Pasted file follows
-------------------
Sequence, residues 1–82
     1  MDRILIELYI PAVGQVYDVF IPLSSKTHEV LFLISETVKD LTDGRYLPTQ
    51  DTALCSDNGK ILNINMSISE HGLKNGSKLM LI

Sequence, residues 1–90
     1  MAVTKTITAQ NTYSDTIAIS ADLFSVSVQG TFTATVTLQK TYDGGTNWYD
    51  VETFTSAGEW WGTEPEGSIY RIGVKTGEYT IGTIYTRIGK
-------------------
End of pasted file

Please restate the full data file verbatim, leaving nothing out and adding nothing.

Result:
Sequence, residues 1–82
     1  MDRILIELYI PAVGQVYDVF IPLSSKTHEV LFLISETVKD LTDGRYLPTQ
    51  DTALCSDNGK ILNINMSISE HGLKNGSKLM LI

Sequence, residues 1–90
     1  MAVTKTITAQ NTYSDTIAIS ADLFSVSVQG TFTATVTLQK TYDGGTNWYD
    51  VETFTSAGEW WGTEPEGSIY RIGVKTGEYT IGTIYTRIGK